I'm God when I sit at this drawing board.
You've heard of the one-legged man in the ass kicking competition? He had a name. Al Capp.
My very first unwitting exposure to the work of this cartoonist would have been reprints of his celebrated comic strip Li'l Abner stinking of thin newsprint in a standard dusty stack of old Sunday papers. I hated it.
"The Dogpatch represents the huge mass of dumb, believing, inarticulate people who are constantly being booted around by enormous and powerful forces." Capp once explained to the notorious author of Seduction Of The Innocent and anti-comicbook advocate Frederic Wertham. The colorful wordplay of Li'l Abner is a visual tonic to some but an unlovable mess to me. Of particular passionate hatred is the repetitive use of the double exclamation mark. "When Li'l Abner speaks," said Capp "he speaks for millions of morons."
Li'l Abner ran for 43 years but I have no taste for the celebrated comic strip. I've come to appreciate the man, Al Capp, as being far more interesting than his actual output.
My first real introduction to Capp would be the film clip of his 1969 encounter with John Lennon and Yoko Ono during their Bed Peace anti war art statement. Capp was led into the room, besuited and affable, the standing opposite to his company. As the cameras rolled Capp proceeded to completely troll and deductively outpace the heated exchange of ideas with the normally quick-witted Lennon right on his own turf leaving him discouraged and breathlessly dejected. It was powerful to see this cartoonist of all things manipulating an opportunity so cleverly to his benefit. "He marked everything," comments Alexander Theroux author of The Enigma of Al Capp released digitally this week from Fantagraphics. "Kicking ass when he needed to and in a way that can't have been anything but fun."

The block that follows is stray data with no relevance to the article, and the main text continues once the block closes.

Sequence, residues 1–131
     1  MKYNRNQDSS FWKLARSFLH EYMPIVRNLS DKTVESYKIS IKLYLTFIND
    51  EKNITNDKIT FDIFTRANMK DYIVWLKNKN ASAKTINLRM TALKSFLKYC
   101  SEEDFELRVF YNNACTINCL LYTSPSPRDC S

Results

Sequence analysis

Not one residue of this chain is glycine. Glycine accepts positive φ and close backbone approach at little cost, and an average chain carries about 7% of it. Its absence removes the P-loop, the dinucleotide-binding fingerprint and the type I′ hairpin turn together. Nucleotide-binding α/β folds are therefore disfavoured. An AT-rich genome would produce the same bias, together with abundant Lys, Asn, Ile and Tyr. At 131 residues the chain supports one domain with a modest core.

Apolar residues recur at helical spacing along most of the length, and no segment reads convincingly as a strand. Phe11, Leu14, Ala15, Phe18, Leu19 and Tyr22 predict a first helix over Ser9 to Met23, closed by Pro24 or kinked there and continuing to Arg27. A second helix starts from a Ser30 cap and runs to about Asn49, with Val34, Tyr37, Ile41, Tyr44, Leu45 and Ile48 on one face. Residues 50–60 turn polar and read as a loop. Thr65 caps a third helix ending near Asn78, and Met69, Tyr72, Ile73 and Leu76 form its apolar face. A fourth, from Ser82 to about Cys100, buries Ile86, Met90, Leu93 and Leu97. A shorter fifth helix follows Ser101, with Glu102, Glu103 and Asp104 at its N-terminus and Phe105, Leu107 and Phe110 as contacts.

Capp was a brilliant satirist. His most famous quote "If you can walk to the welfare office you can walk to work" only carries weight in that it's coming from a one-legged cartoonist who survived the Great Depression and became a self-made millionaire. When nationalism was on the rise in America he railed against it but when the counter culture emerged he suddenly switched to becoming a patriot. He never took the popular side, hated animals and gave few fucks.
For me, Al Capp will always be the endlessly quotable genius hype man who could hold you spellbound with his timing and unflappable turns of phrase. The man capable of peddling so much castigation at his enemy Ham Fisher, cartoonist of Joe Palooka, that Fisher finally having lost his dirty battle of attrition with Capp waddled down to an empty art studio and committed suicide. Such was the power Capp had.
Though his later years were marked with sodomy allegations and having to be escorted out of more than one city due to unwelcome sexual advances as well as stained with the company he began to keep with soggy ne'er-do-wells like the President Of The United States, Al Capp was an undeniable American success story. "No matter what else happens to me," wrote Capp "I'm God himself when I sit down at this drawing board."
Indeed he was.